In 2013, Amazon.com announced a partnership with the U.S. Postal Service to begin delivering orders on Sundays. Bezos also predicted on 60 Minutes that the company may use drones in the near future to make same-day delivery of lightweight products within short distances of distribution warehouses. (Critics find this unlikely for many reasons, though.)
Amazon has also maintained competitive and low prices throughout its product expansion. The company understands how important it is to keep its prices low in order to drive the volume it needs to remain a market leader and expand geographically. Amazon’s practice of selling books at heavily discounted prices, however, has upset some of its channel partners in publishing, as have its attempts to become a publisher in its own right.
From the beginning, Bezos has said that even though he started an online bookstore, he eventually wanted to sell everything to everyone through Amazon.com. The company continues to invest significantly in technology, is focused on the long term, and has successfully positioned itself as a technology company with its wide range of Amazon Web Services. This growing collection of infrastructure applications meets the retailing needs of companies of virtually all sizes. Amazon has successfully reinvented itself time and again and created a critical channel for merchants around the world who are able to reach more than 244 million customers worldwide.
- Why has Amazon succeeded online when so many other companies have failed?
- Will the Kindle revolutionize the book industry? Why or why not?
- What’s next for Amazon? Where else can it grow?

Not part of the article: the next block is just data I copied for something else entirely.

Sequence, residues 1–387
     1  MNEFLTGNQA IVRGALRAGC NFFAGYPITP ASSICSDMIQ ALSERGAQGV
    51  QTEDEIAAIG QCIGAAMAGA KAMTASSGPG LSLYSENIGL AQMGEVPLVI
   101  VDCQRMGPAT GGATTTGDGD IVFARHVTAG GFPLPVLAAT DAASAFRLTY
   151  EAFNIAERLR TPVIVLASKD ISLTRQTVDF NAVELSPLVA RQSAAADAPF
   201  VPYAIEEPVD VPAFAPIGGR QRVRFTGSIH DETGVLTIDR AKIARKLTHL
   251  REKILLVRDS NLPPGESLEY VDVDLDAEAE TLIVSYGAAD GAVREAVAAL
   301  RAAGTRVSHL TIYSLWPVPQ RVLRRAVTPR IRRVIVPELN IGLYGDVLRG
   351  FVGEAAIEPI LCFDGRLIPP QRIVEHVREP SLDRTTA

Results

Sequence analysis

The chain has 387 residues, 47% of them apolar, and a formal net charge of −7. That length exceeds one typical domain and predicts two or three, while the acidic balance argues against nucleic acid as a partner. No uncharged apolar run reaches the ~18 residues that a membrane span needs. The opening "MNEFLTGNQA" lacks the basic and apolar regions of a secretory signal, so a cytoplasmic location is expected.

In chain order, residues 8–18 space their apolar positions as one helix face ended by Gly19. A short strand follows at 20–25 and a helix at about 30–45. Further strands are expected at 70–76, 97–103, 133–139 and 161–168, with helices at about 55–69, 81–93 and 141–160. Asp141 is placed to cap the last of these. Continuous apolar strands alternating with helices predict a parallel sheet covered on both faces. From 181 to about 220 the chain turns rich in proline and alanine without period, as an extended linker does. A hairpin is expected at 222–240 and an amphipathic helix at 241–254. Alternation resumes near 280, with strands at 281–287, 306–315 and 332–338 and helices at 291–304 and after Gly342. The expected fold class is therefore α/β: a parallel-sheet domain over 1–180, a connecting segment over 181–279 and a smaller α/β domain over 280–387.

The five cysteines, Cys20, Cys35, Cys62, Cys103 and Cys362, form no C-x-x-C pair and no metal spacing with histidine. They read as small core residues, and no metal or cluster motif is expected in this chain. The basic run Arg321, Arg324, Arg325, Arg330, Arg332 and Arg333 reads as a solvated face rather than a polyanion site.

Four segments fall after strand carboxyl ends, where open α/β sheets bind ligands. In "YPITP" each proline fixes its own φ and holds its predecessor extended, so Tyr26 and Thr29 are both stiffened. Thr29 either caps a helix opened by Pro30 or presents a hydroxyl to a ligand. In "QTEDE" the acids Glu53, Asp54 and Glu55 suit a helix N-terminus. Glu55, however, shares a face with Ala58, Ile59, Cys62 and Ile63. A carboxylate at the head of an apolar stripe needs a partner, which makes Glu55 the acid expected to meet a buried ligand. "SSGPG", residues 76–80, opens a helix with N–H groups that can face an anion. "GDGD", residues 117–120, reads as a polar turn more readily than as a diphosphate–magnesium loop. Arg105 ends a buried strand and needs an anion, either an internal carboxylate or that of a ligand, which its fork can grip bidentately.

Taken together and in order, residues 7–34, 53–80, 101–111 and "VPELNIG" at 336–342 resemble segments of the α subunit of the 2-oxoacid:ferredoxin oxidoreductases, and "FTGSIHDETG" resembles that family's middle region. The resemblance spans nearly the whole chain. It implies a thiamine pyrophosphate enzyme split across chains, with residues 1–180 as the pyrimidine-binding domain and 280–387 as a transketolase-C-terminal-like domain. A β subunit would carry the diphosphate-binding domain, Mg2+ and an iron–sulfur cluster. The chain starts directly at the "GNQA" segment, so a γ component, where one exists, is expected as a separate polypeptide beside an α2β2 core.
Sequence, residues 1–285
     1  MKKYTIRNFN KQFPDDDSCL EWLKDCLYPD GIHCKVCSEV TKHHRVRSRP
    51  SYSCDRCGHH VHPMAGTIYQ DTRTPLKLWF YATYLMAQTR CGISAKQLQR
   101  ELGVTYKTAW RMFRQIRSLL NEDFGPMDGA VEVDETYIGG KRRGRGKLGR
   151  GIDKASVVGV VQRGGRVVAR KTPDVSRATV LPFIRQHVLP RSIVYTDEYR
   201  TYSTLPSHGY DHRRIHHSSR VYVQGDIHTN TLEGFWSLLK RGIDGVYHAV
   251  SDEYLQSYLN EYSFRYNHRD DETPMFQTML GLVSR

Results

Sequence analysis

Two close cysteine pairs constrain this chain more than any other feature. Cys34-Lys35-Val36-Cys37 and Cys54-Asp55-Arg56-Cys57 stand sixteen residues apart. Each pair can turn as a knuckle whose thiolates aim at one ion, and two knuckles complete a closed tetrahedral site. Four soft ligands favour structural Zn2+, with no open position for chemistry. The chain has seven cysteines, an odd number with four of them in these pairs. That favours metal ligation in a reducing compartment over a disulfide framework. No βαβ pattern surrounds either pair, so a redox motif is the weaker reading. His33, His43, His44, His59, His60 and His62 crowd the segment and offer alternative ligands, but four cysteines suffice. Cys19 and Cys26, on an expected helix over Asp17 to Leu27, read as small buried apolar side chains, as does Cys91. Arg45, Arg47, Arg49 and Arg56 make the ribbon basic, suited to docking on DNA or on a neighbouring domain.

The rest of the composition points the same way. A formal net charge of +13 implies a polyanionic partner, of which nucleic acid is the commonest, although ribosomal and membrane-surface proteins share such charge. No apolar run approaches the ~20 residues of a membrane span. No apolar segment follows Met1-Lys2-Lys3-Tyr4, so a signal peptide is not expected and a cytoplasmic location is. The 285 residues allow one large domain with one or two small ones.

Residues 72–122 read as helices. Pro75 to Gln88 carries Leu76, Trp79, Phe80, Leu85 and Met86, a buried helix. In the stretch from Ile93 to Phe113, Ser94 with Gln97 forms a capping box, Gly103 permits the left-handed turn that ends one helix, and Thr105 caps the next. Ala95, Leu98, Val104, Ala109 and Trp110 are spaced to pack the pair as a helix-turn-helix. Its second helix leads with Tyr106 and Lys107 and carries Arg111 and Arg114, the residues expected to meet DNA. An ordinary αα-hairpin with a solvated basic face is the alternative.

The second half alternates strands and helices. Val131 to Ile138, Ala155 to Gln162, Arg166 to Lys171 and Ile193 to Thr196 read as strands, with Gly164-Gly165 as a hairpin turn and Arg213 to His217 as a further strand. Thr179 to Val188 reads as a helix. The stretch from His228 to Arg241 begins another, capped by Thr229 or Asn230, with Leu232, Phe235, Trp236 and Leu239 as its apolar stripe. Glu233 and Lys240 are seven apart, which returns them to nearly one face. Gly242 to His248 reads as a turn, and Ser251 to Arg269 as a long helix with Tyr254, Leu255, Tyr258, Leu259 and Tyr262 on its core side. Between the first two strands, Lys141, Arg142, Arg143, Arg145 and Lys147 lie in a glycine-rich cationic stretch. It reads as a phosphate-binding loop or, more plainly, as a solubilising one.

Sources: .“Click to Download,” Economist, August 19, 2006, pp. 57–58; Robert D. Hof, “Jeff Bezos’ Risky Bet,” BusinessWeek, November 13, 2006; Erick Schonfield, “The Great Giveaway,” Business 2.0, April 2005, pp. 80–86; Elizabeth West, “Who’s Next?,” Potentials, February 2004, pp. 7–8; Robert D. Hof, “The Wizard of Web Retailing,” BusinessWeek, December 20, 2004, p. 18; Chris Taylor, “Smart Library,” Time, November 17, 2003, p. 68; Deborah Solomon, “Questions for Jeffrey P. Bezos,” New York Times, December 2, 2009; Patrick Seitz, “Amazon.com Whiz Jeff Bezos Keeps Kindling Hot Concepts,” Investors’ Daily Business, December 31, 2009; Alistair Barr, “Amazon Starts Sunday Delivery with U.S. Postal Service,” USA Today, November 25, 2013; Adam Lashinsky, “Amazon’s Jeff Bezos: The Ultimate Disrupter,” Fortune, November 16, 2012; Michael Wolf, “Here’s Why Amazon Drone Package Delivery May Never Happen,” Forbes, December 2, 2013; Holman Jenkins Jr., “Jeff Bezos’s Mysterious Amazon,” Wall Street Journal, December 6, 2013; “Amazon’s Jeff Bezos Looks to the Future,” 60 Minutes, CBS.com, December 1, 2013; Amazon 2012 Annual Report; George Parker, “Cheap Words,” New Yorker, February 17, 2014..